A Sinusodial wave is propagating

1. Jan 20, 2012

Firben

A sinusoidal wave is propagating along a stretched string that lies along the x-axis. The displacement of the string as a function of time is graphed in the figure (attachment) for particles at x=0m and x=0.0900m.

A) What is the amplitude of the wave? (solved)
B) What is the period of the wave? (solved)
C) You are told that the two points x=0 an x=0.09m are within one wavelength of each other. If the wave is moving in the +x-direction, determine the wavelength and wave speed. (solved)

If the wave is moving in the -x-direction, determine the wavelength and wave speed. What should i do here ?

http://s716.photobucket.com/albums/...rent=5508afb2-b0b2-404b-aa14-09f9c8e37e4a.jpg

2. Jan 20, 2012

Simon Bridge

Exactly the same as before except the velocity is the other way.
What difference does the direction the wave travels make?

3. Jan 20, 2012

Firben

Yes, but how can it be 6.0 m/s?
Thats is whats stands in the answer sheet

Last edited: Jan 20, 2012
4. Jan 20, 2012

Firben

5. Jan 20, 2012

Simon Bridge

this cannot possibly be correct
- when you changed units from m to mm you forgot to multiply by 1000
- you cannot get length/time from multiplying a length and a time.
... try again.

show me how you worked out A, B, and C - what is your reasoning?

6. Jan 20, 2012

Firben

A) A=4mm
B) T=0.040s (red wave)
C) it should be 3.6 m/s
What should i do to find v?

Last edited: Jan 20, 2012
7. Jan 20, 2012

vela

Staff Emeritus
Pick a peak on the x=0 wave and, from the diagram, figure out how long it takes to reach x=0.090 m. The speed of the wave will then be the distance that point traveled, 0.090 m, divided by the time it took to get there.

8. Jan 20, 2012

Simon Bridge

Wot he said - easier to find a place where y=0, but you also need the same slope.
You just need the position of the wave at two different times.
speed is distance over time :)

To be clear - and because this is not always taught:

An if arbitrary distortion of the string is: y=f(x)
If it propagates to the right (+x) direction at speed v, then the equation becomes y(x,t)=f(x-vt)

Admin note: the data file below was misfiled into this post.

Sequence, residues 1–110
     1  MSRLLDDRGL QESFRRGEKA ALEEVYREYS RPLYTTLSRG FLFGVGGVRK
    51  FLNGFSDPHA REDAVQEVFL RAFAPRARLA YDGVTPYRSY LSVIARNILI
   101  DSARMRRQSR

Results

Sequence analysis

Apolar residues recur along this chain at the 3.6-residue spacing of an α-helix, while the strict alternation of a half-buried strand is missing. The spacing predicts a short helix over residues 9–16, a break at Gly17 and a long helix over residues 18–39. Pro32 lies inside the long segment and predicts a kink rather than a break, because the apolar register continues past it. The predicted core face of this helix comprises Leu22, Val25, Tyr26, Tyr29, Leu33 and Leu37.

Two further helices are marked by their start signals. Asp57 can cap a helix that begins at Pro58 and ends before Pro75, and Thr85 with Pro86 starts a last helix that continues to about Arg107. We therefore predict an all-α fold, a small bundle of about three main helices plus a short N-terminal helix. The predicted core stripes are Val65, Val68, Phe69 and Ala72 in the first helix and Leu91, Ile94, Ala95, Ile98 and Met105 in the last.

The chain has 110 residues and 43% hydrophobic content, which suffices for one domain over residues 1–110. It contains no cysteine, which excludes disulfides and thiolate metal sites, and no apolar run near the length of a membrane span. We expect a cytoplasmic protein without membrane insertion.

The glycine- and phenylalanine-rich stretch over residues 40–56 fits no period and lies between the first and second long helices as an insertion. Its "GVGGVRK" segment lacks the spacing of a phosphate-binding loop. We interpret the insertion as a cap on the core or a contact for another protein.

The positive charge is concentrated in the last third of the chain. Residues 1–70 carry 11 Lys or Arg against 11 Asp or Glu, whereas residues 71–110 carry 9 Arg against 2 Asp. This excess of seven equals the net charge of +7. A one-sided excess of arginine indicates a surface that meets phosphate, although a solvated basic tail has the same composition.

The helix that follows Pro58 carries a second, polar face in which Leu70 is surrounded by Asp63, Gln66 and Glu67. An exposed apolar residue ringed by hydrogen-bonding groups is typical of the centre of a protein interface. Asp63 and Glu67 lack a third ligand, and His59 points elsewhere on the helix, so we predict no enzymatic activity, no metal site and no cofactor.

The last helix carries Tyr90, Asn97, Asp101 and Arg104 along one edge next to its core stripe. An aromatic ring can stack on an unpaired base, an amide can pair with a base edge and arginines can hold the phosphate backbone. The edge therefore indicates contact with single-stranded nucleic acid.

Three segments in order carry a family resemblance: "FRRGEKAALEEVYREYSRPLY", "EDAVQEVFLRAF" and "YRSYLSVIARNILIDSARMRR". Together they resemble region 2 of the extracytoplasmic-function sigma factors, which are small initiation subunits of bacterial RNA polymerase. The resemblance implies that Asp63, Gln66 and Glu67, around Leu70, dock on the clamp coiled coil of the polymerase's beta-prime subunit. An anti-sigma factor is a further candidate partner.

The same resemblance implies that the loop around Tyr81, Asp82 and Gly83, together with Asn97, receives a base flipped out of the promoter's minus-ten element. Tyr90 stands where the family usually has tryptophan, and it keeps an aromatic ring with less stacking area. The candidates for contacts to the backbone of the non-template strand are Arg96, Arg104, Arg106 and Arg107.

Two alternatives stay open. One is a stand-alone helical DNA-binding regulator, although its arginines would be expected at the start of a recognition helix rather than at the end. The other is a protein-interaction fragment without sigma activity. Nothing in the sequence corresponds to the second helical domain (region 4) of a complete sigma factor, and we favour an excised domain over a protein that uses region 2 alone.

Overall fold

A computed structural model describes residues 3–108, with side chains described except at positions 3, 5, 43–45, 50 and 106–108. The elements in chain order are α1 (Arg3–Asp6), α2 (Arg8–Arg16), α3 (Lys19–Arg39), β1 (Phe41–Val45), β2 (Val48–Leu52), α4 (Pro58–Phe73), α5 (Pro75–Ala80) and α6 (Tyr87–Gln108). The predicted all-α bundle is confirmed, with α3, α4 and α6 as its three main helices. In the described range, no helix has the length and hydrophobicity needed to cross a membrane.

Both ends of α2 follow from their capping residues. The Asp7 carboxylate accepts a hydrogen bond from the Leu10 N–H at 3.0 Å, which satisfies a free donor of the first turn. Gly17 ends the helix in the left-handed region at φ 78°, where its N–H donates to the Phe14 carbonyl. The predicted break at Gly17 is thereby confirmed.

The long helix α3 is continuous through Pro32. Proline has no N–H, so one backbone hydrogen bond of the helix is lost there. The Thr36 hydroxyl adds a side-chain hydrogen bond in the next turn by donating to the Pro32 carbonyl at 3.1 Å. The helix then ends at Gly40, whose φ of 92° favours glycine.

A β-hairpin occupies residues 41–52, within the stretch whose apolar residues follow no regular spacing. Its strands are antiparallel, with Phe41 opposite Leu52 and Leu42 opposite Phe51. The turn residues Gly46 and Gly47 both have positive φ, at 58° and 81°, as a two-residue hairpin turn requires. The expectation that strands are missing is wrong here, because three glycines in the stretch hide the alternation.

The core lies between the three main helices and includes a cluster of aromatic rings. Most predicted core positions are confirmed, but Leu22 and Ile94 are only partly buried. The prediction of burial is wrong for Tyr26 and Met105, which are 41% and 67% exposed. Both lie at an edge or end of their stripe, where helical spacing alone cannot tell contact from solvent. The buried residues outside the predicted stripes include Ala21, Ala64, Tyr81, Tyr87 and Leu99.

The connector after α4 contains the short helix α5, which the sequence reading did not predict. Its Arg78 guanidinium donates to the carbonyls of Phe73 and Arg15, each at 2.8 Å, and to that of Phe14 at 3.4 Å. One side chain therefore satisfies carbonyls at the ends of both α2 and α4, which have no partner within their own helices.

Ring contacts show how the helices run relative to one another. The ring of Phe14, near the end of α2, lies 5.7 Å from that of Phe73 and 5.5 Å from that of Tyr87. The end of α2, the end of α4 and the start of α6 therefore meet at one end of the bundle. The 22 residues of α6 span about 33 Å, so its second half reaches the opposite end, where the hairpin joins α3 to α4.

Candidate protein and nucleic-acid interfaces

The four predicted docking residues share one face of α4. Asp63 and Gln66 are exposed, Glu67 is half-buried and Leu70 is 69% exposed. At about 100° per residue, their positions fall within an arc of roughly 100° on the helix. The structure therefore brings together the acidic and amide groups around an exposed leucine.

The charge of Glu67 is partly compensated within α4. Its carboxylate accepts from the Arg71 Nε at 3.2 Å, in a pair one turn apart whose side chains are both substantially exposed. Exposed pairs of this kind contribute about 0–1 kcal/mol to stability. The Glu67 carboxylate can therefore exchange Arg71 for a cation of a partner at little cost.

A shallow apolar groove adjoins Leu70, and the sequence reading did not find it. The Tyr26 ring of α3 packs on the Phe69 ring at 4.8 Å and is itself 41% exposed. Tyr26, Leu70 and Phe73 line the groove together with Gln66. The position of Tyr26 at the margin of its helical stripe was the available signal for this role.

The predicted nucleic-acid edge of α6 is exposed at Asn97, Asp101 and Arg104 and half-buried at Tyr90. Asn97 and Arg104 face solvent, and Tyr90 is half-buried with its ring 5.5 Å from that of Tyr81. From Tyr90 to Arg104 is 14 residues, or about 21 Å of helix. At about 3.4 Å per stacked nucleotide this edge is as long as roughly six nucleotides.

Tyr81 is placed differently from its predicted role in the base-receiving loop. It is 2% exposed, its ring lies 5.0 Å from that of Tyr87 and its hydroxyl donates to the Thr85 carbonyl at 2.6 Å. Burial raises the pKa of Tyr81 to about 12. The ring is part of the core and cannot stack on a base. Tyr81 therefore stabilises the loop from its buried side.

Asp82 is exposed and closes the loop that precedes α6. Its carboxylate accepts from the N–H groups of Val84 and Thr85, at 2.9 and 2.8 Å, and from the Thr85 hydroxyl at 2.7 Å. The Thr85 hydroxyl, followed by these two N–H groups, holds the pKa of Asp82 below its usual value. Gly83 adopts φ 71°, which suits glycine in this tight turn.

In this case f(x)=Asin(kx): k=2π/λ ...(k has the effect of turning the distance x into an angle)

Therefore: y(x,t)=Asin[k(x-vt)]=Asin(kx-ωt). You can rewrite this in terms of λ and v - it will be more useful to this problem that way.

In your case this translates into the time-waves at two different x's: y(0,t) and y(0.0900,t) ... which are the red and blue lines respectively.

generally: y(x,t)= 4.sin(kx-2πt/0.04)

so: y(0,t)=-4sin(2πt/0.04) and y(0.09,t)=4.sin(0.09k - 2πt/0.04)

it is a good idea to keep the pi's separate for as long as you can.
you can use the graph to solve for k in the second one and so get the wavelength.
and get the speed from v=fλ ... but it is easier to do distance over time from the graph.

changing the direction of travel is a matter of changing the sign of v in the derivation.

Last edited: Jan 20, 2012
9. Jan 24, 2012

Firben

0.09k=2pi*t/0.04
What is the value of t?

10. Jan 24, 2012

Simon Bridge

woah: where did that come from?
Is this still the same problem?
Did you try out post #7 first?

11. Jan 26, 2012

Firben

Yes. How can i find the spped from the graph ?

12. Jan 27, 2012

Simon Bridge

The two graphs show you the height-vs-time of different positions on the string.
These graphs are due to a wave f(x) moving in the x direction.
So we needs some way to find out how long it takes f(x) to move a fixed distance.
The distance we have is 0.09m - all the points in f(x) move at the same speed, so we just need to know the time one point in f(x) crosses x=0, and the time the same point in f(x) crosses x=0.09. An easy to identify point is when f(x) is a maximum.

So look at the time when the x=x0=0 graph first reaches maximum - record that at t0
Then look for the time the x=x1=0.09m graph first reaches it's maximum - record it as t1
t1-t0 is how long it took for f(x) to move from x0 to x1.
Now you have a distance, and the time it took to travel that distance - you can find the speed.

(Note: you don't have to use peaks - I used the points when the graph crosses from -y to +y - easier to pinpoint but also easier to stuff up.)

The method in post #8 involves two simultaneous equations and two unknowns.